As millennials join the workforce, marketing outlets are adapting to this contemporary culture to market to this new generation.
According to University of Connecticut marketing professor Kevin McEvoy, the millennial generation, which is the largest generation in U.S. history, containing about 75 million members, is molded by technology.
McEvoy said depending on what study is being referred to, the age range for millennials is most commonly 18 to 34 years old.
“When we try to understand a group, we look at what makes groups discrete,” McEvoy said.
To appeal to this demographic, marketers present ads on various electronic platforms such as the internet and television, McEvoy said. This need for electronic marketing has required him to change his curriculum.
“I have to teach [marketing] from a whole different angle. It’s more than media, it’s a change in mindset,” McEvoy said.
McEvoy said the millennials’ change in mindset include shorter attention spans, a negative outlook on direct and forceful advertising, known as the ‘hard sell,’ and the fact they would take advice from a stranger over that of a firm.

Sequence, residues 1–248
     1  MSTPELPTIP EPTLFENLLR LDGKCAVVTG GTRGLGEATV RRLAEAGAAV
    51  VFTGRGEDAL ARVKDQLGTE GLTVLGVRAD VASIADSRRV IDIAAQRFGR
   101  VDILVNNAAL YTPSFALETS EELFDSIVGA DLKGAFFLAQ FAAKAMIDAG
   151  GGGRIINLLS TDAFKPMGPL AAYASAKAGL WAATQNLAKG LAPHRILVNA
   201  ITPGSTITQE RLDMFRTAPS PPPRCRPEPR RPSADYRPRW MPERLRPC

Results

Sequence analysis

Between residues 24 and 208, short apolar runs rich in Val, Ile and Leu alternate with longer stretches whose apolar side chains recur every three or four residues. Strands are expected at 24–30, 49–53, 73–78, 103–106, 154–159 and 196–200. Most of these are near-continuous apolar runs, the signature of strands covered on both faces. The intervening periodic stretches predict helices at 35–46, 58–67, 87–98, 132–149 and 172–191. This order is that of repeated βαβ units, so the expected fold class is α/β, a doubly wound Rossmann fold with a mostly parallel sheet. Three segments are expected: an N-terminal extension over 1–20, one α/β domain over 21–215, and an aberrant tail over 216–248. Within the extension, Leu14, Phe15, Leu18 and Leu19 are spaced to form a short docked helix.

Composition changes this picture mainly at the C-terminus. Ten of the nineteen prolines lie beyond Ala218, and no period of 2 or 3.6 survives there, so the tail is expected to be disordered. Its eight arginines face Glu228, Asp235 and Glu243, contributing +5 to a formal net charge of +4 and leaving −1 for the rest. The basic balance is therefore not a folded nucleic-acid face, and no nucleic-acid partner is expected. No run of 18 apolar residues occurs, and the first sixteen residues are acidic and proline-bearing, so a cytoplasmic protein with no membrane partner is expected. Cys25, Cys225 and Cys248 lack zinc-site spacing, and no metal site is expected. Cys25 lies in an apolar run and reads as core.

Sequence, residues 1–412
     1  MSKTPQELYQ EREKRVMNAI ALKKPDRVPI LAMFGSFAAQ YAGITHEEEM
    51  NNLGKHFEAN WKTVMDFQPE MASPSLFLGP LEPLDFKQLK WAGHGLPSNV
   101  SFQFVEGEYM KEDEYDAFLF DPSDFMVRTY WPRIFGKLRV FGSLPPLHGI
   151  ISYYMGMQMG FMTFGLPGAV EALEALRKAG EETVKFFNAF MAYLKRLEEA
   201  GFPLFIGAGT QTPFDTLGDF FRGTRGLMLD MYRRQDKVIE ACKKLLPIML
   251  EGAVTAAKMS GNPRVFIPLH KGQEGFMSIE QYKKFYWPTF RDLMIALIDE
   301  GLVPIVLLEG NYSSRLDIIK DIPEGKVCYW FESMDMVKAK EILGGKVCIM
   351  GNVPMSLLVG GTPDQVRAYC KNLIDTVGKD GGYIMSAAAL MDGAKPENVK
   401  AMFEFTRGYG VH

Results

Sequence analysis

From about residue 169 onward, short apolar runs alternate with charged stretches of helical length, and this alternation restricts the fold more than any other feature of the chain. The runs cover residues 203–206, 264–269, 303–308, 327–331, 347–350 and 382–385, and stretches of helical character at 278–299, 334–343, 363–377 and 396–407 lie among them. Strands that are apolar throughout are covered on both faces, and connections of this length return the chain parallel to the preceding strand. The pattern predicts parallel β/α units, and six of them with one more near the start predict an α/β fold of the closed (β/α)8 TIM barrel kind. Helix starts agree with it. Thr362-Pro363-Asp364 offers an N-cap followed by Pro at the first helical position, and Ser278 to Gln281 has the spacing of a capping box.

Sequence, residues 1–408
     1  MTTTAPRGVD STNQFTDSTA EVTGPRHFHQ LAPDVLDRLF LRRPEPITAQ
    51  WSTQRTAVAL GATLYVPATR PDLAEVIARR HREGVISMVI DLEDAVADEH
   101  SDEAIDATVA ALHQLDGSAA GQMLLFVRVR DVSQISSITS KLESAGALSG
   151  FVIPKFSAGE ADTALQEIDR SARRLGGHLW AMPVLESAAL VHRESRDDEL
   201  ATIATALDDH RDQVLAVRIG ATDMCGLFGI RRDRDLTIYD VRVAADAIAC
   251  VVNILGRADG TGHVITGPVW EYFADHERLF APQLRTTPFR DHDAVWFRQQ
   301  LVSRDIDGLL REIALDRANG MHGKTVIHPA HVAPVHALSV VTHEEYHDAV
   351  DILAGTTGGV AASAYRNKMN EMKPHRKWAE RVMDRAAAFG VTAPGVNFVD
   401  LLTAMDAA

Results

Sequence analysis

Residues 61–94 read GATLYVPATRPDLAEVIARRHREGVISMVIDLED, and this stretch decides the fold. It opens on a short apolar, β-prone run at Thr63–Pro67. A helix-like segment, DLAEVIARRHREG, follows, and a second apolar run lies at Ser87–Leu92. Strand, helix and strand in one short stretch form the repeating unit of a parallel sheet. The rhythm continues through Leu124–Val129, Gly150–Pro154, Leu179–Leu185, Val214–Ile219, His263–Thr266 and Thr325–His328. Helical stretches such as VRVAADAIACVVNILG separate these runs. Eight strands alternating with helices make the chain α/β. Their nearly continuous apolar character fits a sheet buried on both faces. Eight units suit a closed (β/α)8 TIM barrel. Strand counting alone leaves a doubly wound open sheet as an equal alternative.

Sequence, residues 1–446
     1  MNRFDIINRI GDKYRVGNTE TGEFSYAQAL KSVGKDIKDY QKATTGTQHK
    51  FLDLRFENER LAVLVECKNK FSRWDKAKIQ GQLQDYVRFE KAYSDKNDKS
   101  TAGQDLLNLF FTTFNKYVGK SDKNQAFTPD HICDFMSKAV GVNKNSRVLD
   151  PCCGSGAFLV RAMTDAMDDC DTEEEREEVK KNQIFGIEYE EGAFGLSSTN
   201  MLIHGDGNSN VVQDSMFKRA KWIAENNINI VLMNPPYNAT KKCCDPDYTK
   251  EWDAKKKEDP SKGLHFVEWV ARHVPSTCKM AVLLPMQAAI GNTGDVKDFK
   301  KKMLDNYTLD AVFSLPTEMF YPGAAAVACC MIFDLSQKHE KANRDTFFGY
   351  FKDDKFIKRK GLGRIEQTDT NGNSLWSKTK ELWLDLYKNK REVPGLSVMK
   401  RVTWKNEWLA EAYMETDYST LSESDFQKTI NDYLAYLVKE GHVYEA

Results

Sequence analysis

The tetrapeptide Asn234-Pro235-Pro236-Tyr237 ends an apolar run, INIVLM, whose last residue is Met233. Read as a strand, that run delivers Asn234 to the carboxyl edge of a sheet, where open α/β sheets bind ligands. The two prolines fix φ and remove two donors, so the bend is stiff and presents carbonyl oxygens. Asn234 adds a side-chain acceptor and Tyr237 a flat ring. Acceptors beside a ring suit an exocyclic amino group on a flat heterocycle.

“I’m most likely to buy something if someone famous sponsors it,” first-semester marketing major Elizabeth Kindt said. “Celebrity endorsement through social media is the best way to reach me.”
Fifth-semester marketing major Sarah Ward said she remembered when her Instagram feed was flooded with promotional posts of Love Your Melons hats, a clothing line that focuses on providing hats for all children battling cancer. Ward said that from strangers to celebs, it seemed that all over the web, people were sporting one.
“I think it was mainly about seeing other people wearing it that made me want one,” Ward said. “And it was for a good cause.”
McEvoy said millennials adhere to popular opinion and to those they share experiences with.
“They like soft selling and relationships,” McEvoy said. “They have a ‘we are all in this together’ mentality and value collaboration.”
It may be easy to lose millennials attention, McEvoy said, even with the use of endorsements. For this reason, the National Football League is testing out six-second commercials, less than a quarter of the current time span.
“[Millennials] can’t pay attention longer than that,” McEvoy said. “You don’t have a lot of patience.”
Kindt said six-second commercials would be beneficial to reaching her demographic.
“I know I tune out ads after the first few seconds,” Kindt said. “And it’s the best way for marketers to save money and appeals to kids with short attention spans.”
Lillian Whittaker is a campus correspondent for The Daily Campus. She can be reached via email at firstname.lastname@example.org.